As 2020 is slowly coming to end, it’s hard not to notice the wide array of typogrpahy trends that have been circling around us this past year. Some designers are embracing technology with innovative fonts, while others are digging into the past to resurrect fonts from our memories.This interplay between the past and future gives us plenty of contrast and so many intriguing options at our fingertips!

We are reading less and scanning more in the visual world around us as we are surrounded by an endless stream of images and text in many different mediums. Legibility rules are being stretched surprisingly far as we’ve become more visually adept. At the same time, we as designers, need to always be concientious of how our designs affect those with impairments. A significant part of the population has accessibility issues while viewing our content and messages.

1. Animation

This has revolutionised the type game, affecting brands and design, especially in the social platform that exists all around us. Moving, spinning and disappearing type expands what is possible in our expression and creativity. The alphabet is no longer just a two-dimensional concept. When animating text, it’s important to also consider how and where users will be reading the information (some animated elements such as video don’t work well on all mobile devices yet).

2. Colour Fonts or SVG Fonts

Colour fonts are almost exactly what they sound like. Typefaces that include multiple colours, shades or gradients, textures or transparency. These funky options are not just adding colour to lettering, they are specific typefaces with all the detailing included. Start small and try a colour font to bring focus to a specific word in a large block of text, or on an icon or logo-style element. There are a wide variety of colour fonts availble to try with the list growing every day! Here are a few for you to experiment with. https://www.decolore.net/color-fonts/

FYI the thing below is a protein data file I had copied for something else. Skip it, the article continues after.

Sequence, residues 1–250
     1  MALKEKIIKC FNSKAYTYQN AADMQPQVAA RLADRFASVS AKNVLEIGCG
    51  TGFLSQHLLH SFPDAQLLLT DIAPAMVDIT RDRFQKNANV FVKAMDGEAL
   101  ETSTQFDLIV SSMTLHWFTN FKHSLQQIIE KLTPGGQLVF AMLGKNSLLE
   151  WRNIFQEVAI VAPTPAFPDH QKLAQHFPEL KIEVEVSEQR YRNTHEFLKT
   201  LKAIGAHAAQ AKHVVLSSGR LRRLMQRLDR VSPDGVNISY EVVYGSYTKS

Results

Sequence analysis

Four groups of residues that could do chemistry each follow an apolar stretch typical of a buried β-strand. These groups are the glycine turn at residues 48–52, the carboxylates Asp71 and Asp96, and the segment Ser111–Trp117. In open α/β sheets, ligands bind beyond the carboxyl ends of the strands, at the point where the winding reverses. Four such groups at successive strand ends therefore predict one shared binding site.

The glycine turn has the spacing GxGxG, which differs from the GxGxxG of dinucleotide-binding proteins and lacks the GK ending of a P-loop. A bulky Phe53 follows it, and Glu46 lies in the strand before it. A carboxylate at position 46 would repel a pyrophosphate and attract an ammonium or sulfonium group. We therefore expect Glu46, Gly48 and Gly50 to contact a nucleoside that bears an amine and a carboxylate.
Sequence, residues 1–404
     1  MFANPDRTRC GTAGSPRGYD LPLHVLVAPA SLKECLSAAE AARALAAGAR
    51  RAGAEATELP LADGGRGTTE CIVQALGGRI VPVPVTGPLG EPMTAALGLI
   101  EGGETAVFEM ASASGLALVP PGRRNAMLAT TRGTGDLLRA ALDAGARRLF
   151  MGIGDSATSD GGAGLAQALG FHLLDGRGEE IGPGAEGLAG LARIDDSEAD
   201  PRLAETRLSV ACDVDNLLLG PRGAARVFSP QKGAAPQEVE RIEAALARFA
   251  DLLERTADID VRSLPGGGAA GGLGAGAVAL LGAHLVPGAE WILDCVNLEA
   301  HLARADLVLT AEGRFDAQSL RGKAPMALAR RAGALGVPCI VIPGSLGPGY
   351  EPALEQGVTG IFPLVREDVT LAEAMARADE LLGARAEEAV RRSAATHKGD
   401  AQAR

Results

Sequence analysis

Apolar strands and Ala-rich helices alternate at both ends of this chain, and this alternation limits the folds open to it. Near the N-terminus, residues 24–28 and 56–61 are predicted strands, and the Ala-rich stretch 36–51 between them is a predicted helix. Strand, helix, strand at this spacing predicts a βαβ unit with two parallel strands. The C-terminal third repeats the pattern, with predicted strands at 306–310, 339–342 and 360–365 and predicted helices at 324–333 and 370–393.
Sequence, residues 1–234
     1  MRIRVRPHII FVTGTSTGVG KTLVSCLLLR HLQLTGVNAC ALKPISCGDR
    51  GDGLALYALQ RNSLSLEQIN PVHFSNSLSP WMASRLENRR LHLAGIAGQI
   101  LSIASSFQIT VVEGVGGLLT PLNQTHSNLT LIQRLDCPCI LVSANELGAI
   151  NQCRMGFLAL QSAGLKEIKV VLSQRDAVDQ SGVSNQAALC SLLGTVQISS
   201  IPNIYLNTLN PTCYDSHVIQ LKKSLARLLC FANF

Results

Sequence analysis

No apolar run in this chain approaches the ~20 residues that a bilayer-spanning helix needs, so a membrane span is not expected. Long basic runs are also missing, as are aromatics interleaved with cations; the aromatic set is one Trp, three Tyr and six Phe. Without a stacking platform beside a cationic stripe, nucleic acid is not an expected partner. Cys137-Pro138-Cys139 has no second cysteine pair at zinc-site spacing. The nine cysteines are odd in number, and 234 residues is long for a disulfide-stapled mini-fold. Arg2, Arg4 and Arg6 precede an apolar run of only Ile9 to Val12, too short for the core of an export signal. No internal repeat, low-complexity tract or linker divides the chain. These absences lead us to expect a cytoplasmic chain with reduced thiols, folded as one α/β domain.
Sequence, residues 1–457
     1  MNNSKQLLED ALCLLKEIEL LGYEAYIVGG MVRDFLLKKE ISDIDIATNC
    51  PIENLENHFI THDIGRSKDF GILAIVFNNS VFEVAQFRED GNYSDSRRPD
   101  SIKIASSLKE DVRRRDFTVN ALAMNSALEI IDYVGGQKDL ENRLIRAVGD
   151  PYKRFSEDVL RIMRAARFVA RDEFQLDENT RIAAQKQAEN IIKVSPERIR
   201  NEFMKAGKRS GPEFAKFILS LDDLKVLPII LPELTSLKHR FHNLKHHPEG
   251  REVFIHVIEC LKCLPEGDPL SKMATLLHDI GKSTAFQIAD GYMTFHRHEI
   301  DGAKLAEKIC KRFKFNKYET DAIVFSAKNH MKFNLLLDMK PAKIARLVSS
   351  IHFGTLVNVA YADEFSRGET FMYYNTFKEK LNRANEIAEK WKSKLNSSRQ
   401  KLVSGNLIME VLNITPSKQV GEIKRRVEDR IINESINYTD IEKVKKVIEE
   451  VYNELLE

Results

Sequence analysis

3. Maxi Typography

The maxi trend, which began in 2019, is all about attention seeking. Maxi is the use of typography that is so bold and heavy that it sometimes bleeds off the page, taking centre-stage as a focal point. It should always be flat and simple so as not to take away from the effect.

4. Type Heroes

Type heroes are often playful, with words taking on the attributes of the idea they stand in for: a word like ‘BLAZE’ rendered in flaming type, or ‘FLOW’ made up of smooth, liquid lines. They help when a brand wants to take it to the next level to convey a more complex idea. A simple word can take on a whole new meaning.

5. Seventies and Eighties Fonts

Stranger Things could be associated with the revival of retro fonts with it’s red Benguiat font on a deep black background. Throwback designs are now popping up all around us. We’re also seeing a migration back to tightly kerned type after several years of heavily spaced out letter forms.

6. Outline Fonts

Frequently seen in the fashion and editorial world, Outline fonts have been moving more into mainstream design. Handle with caution, however and be cautious with readability. Take care with colour, contrast and placement so they don’t get lost on their backgrounds.

7. Text with Gradients

Sometimes getting a bad wrap when used poorly, gradients in text can be stunning when done properly on a clean background. A simple way to but emphasis in just the right place while feeling modern and fresh. More intriguing than just a single colour!

Typography is breaking out of it’s cage with more options than ever before. The mediums where we view text within our environments is ever changing in exciting and new ways, thus opening the doors of possibilities for designers. Bold fonts sit dynamically beside minimal fonts, lettershapes now have a mind of their own as they become more pictoral, and type moves (literally) like it never has before.